Book Review : Mark Jaskowski - The Heartbeat Harvest (2017)
The name Mark Jaskowski probably doesn't ring a bell and it's fine. Before releasing The Heartbeat Harvest last winter, he only had two short stories published to his name. There is very little information available about Jaskowski online, but certain factors hinted at his talent: his publisher Broken River Books is notoriously picky and forward thinking; the Clive Barker meets Reservoir Dogs blurb was as intriguing and promising as any piece of promotional literature I've ever read and last but not least, guys who keep their head down and don't prance around online tend to always deliver. So, did The Heartbeat Harvest pack up the goods like I thought it would or am I just out of my fucking mind?
Unfortunately, I can't give you a straightforward answer on this one. I'll review it the best I can and you'll to figure out the rest.
So, The Heartbeat Harvest is the story of a drug-dealing couple murdering their supplier, the aptly named Slim, and taking off. Seems straightforward enough, except the supplier is inexplicably not dead and wants revenge of these double-crossing assholes. It gets more confusing from there. The narrative starts skipping from a group of character to another, following both the double-cross and the underlying supernatural mystery of Slim's survival. And the latter takes its sweet time to unfold. Mark Jaskowski introduces a wide array of characters who each have their role to play even if it's not quite evident at first: Stacie, Asher, Alan, Father Abatangelo and several others. Too many for me to keep up with, really. Sorry if I cannot be any clearer than that. I'm still unsure how much from The Heartbeat Harvest I've actually understood.
The cool thing about Mark Jaskowski savant mix of crime fiction and horror is that it explores the deeper motivation of characters that would otherwise be cliché. Why would anyone become a drug dealer? Why would anybody betray a business partner for a finite amount of money? Questions like these. Using horror tropes allows Jaskowski to confront themes like power, belonging and the refusal of boundaries more directly. The latter is very important to The Heartbeat Harvest. Characters cheat their way out of natural boundaries all the time, which highlights human nature's yearning for the intangible. People tend to always want what they don't have instead of appreciating what they do have and I thought The Heartbeat Harvest allegorized this impossible conundrum is a subtle and classy way.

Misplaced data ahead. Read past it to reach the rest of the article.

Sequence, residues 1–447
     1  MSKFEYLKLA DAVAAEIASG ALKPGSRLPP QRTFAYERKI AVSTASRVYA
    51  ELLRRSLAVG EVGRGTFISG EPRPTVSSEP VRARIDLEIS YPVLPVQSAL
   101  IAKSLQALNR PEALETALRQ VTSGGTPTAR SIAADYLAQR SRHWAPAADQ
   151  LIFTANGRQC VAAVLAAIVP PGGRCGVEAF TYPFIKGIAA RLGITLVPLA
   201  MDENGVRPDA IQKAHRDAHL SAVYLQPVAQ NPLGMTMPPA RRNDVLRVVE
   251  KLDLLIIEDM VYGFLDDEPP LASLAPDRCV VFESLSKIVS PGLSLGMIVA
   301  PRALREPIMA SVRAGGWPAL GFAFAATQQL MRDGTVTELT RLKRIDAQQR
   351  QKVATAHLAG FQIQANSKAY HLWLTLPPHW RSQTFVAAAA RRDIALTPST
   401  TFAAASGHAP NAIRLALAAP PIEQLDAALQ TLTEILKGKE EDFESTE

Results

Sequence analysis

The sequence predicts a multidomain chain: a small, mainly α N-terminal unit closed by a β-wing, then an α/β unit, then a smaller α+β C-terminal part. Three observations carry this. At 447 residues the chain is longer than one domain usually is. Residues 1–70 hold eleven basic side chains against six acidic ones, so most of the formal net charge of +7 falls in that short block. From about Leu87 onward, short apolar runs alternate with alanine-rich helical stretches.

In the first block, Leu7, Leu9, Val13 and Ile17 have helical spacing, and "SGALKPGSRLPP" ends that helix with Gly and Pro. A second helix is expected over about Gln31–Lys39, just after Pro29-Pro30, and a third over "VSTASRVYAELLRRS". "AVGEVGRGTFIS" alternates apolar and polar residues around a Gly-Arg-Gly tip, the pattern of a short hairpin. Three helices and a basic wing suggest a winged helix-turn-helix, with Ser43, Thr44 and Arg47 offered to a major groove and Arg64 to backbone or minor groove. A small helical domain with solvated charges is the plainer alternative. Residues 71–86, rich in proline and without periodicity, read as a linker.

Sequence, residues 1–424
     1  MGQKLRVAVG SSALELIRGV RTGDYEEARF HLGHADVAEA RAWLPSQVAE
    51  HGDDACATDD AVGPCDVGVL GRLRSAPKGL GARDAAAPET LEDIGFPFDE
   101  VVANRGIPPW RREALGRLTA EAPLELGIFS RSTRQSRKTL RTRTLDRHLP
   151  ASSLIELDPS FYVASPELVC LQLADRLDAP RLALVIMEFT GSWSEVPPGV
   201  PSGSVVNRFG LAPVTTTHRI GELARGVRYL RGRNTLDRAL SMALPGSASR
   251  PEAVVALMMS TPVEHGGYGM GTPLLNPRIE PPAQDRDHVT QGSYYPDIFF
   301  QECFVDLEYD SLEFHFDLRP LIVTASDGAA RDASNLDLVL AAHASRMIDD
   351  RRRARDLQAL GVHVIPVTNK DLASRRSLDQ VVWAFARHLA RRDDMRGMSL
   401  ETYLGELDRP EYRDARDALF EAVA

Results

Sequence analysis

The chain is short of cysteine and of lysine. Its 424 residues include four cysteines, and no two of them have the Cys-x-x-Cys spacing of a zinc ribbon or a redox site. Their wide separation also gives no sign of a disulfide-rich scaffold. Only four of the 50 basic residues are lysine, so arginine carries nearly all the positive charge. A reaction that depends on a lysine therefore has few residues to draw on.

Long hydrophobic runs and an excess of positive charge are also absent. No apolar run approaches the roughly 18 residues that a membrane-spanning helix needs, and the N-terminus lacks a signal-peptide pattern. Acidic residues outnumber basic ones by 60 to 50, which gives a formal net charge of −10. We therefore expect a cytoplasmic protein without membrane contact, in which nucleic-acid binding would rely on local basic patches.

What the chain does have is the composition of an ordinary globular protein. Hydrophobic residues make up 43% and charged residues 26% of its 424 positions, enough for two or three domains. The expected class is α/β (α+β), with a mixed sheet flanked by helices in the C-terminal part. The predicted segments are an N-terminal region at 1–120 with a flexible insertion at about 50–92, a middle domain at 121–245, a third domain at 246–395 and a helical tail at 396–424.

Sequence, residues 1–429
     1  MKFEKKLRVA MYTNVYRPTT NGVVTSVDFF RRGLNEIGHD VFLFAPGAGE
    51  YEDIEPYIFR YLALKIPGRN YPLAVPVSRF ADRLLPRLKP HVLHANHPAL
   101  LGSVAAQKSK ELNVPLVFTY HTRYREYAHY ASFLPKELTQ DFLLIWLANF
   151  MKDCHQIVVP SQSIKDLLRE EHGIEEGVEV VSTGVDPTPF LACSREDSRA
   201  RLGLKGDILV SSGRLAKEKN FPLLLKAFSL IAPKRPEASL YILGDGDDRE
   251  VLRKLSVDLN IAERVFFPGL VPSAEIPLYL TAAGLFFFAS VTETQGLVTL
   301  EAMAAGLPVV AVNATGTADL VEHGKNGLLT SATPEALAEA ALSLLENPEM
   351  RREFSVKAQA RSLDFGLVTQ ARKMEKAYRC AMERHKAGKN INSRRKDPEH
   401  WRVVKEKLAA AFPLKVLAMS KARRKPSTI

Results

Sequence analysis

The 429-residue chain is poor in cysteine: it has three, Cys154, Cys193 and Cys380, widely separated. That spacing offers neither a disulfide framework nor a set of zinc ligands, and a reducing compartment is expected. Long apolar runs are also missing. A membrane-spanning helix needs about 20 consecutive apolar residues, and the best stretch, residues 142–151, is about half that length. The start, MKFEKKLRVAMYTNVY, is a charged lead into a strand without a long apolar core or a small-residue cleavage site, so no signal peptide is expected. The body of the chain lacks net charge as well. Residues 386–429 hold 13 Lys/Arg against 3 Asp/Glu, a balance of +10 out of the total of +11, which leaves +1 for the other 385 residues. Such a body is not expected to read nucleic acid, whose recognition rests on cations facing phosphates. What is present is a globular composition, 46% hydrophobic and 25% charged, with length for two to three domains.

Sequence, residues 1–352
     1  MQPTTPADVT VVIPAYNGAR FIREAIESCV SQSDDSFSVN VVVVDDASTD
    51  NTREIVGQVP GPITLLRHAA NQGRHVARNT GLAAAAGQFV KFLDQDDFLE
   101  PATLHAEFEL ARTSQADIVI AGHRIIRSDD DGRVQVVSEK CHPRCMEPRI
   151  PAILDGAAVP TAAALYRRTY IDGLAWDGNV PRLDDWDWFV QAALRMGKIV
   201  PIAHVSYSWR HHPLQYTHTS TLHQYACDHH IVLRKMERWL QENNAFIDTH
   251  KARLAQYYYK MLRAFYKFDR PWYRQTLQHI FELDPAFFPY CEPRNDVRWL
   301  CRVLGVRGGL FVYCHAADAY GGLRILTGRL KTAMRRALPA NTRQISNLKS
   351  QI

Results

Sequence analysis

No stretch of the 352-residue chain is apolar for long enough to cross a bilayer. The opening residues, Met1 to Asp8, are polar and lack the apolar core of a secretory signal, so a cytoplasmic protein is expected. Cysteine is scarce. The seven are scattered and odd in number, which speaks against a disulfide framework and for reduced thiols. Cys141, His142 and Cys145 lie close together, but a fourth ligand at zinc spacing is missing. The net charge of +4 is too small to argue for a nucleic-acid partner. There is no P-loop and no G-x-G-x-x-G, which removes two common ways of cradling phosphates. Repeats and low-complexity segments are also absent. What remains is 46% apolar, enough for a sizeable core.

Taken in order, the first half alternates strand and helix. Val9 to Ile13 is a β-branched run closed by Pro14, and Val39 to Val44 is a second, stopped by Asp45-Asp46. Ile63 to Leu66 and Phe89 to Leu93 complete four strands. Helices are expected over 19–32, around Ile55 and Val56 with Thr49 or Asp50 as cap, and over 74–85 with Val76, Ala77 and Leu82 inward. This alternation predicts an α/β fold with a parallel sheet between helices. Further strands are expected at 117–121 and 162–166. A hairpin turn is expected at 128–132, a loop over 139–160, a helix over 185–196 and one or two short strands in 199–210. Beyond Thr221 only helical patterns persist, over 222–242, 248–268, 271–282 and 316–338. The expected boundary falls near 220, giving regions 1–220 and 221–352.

The structure of The Heartbeat Harvest is going to alienate certain readers because it makes it difficult to follow. Jaskowski skips from a set of characters to another without giving much context. It wouldn't be unheard of if he kept switching between the same groups, but it's completely unpredictable. Sometimes, you're brought back to characters you already know. Sometimes you're introduced to a new set of people. Personally, I didn't mind the skipping as much as I did the expanding cast. The who's who was confusing, but beyond that I didn't know who exactly I was supposed to care about and I'm one of these guys who's hardwired to care about people, even make-believe ones. But I did care about Slim. Slim was my guy. Even when he was not on the page, his influence on The Heartbeat Harvest was palpable.
Did I like The Heartbeat Harvest or not? I think I did, but I'm not sure I've understood it. I did love Mark Jaskowski's brand of subtle and understated horror. It was a looming sense of dread as much as it was blood and tentacles. My problem with the book is that I lost the highway a couple times and I didn't really understand who mattered and who didn't. Jaskowski was being ambitious, though and while it lost me at times, it's hard to fault him for having strong creative vision. Please, read The Heartbeat Harvest if you think the Clive Barker meets Reservoir Dogs is a cool idea and make up your mind about it. I would gladly discuss the book with you and maybe we can enrich one another's interpretation.